By applying the principle to an electro-magnetic engine, Dr. Pacinottiproduced the machine which we illustrate on the present page. Thearmature consists of a turned ring of iron, having around itscircumference sixteen teeth of equal size and at equal angulardistance apart, as shown in Fig. 1, forming between them as manyspaces or notches, which are filled up by coiling within them helicesof insulated copper wire, r r r, in a similar manner to that adoptedin winding the Brush armature, and between them are fixed as manywooden wedges, m m, by which the helices are firmly held in theirplace. All the coils are wound round the ring in the same direction,and the terminating end of each coil is connected to the commencingend of the next or succeeding helix, and the junctions so made areattached to conducting wires which are gathered together close to thevertical shaft on which the armature ring is fixed, passing throughholes at equal distances apart in a wooden collar fixed to the sameshaft, and being attached at their lower extremities to the metalliccontact pieces of the commutator, c, shown at the lower part of Fig.3, which is an elevation of the machine, while Fig. 4 is a plan of thesame apparatus.

The commutator consists of a small boxwood cylinder, carrying aroundits cylindrical surface two rows of eight holes, one above the other,in which are fitted sixteen contact pieces of brass which slightlyproject above the surface of the wood, the positions of those in theupper circle alternating or "breaking joint" with those in the lower,and each contact piece is in metallic connection with itscorresponding conducting wire, and, therefore, with the junction oftwo of the helices on the armature. Against the edge of the commutatorare pressed by means of adjustable levers two small brass contactrollers, k k, which are respectively connected with the positive andnegative poles of the voltaic battery (either through or independentof the coils of a fixed electro-magnet, to which we shall presentlyrefer), and the magnetic axis of the ring will lie in the same planeas the line joining the points of contact of the battery and rotatinghelix, this axis remaining nearly fixed notwithstanding the rotationof the iron ring in which the magnetism is induced.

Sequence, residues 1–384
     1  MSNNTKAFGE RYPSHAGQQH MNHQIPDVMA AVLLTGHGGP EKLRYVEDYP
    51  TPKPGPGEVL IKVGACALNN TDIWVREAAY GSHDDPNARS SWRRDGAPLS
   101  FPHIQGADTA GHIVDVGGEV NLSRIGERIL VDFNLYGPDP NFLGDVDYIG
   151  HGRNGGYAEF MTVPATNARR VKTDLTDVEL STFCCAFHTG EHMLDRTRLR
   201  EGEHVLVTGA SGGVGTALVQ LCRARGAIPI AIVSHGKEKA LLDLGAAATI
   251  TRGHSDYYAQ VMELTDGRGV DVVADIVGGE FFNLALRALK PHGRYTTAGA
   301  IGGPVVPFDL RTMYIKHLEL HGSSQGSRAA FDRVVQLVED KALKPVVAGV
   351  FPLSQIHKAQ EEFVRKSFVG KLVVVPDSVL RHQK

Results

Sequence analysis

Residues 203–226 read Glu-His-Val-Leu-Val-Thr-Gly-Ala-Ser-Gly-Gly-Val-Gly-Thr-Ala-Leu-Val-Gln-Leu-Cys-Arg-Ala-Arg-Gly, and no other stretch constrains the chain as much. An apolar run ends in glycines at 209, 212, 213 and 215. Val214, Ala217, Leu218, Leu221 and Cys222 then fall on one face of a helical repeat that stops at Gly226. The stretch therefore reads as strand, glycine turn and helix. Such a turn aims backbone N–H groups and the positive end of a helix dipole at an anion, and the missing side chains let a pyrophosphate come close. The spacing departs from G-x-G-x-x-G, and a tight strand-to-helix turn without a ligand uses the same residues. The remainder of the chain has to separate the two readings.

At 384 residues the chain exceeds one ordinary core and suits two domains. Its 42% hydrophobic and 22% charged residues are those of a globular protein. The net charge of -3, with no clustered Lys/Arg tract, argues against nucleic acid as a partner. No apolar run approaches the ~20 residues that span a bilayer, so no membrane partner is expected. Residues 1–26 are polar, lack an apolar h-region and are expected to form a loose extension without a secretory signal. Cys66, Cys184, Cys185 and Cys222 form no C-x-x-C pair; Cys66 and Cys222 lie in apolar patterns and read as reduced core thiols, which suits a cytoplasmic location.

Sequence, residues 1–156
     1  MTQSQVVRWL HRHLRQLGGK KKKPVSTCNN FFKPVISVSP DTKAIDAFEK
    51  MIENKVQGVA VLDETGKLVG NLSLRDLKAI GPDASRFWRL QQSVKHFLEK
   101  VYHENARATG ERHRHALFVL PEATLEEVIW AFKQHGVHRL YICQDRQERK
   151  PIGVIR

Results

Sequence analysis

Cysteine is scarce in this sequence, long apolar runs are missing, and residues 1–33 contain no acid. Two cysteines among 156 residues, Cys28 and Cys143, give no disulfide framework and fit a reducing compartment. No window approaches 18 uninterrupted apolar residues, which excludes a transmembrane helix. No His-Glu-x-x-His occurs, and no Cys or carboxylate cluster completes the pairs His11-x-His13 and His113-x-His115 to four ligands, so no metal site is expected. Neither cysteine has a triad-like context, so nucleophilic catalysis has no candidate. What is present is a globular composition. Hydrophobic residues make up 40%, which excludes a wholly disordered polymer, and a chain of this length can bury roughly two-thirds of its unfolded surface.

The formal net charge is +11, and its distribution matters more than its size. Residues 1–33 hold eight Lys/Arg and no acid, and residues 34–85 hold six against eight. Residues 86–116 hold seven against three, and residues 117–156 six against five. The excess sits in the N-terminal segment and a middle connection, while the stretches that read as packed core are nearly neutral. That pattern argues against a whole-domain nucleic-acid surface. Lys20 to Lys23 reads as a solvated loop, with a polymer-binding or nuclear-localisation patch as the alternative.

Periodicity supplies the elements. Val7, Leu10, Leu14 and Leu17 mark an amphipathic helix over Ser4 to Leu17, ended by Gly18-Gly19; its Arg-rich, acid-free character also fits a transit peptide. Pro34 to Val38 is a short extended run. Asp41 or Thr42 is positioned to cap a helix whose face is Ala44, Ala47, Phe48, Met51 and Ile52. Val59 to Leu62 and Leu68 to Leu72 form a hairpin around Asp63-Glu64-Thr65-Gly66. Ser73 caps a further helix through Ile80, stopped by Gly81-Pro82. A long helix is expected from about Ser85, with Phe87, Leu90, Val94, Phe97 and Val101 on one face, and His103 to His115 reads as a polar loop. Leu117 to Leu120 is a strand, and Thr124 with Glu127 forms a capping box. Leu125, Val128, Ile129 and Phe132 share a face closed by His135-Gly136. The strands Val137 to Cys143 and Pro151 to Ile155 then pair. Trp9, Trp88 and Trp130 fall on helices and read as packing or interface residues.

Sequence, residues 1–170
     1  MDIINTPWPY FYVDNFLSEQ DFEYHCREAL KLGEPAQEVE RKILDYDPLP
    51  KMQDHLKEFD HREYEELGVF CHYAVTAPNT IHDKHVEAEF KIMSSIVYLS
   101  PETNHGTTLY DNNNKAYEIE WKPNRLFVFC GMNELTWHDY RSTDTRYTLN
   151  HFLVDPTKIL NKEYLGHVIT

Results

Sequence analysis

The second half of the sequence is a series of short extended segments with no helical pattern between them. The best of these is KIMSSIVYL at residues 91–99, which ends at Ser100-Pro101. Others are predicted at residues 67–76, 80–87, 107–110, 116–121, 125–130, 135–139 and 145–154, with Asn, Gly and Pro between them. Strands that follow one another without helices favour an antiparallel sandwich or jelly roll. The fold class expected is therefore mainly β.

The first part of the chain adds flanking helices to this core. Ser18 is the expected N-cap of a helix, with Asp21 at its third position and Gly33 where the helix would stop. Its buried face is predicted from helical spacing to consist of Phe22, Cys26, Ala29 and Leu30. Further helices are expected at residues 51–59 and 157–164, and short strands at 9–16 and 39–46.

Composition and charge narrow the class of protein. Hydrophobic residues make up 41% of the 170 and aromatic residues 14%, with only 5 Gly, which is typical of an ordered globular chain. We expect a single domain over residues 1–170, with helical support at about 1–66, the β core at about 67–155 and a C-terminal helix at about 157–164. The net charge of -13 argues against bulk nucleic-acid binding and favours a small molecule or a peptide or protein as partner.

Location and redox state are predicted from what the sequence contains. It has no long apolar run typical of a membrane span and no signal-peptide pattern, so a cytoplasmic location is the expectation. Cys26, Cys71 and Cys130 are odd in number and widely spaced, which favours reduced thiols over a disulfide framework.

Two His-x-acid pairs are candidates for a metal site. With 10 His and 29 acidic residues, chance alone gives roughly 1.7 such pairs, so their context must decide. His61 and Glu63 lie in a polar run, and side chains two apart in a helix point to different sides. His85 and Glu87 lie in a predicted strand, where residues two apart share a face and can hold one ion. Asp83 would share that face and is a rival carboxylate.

In the apparatus figured in Figs. 3 and 4, the armature rotatesbetween the two vertical limbs, A B, of a fixed electro-magnetfurnished with extended pole pieces, A A, B B (Fig. 4), each of whichembraces about six of the armature coils. The fixed electro-magnet isconstructed of two vertical iron cylindrical bars, A and B, united attheir lower extremities by a horizontal iron bar, F F, the one beingrigidly and permanently attached to it, while the other is fastened toit by a screw, G, passing through a slot so that the distance of thepole pieces from one another and from the armature ring is capable ofadjustment.

The connections of the machine, which are shown in Fig. 3, are made asfollows: The positive current, entering by the attachment screw, h,passes by a wire to the right hand commutator screw, l, to theright-hand roller, k, through the commutator to the ring, aroundwhich it traverses to the left-hand roller, k, and screw, l, tothe magnet coil, A, and thence through the coil of the magnet, B, tothe terminal screw, h, on the right hand of the figure. This methodof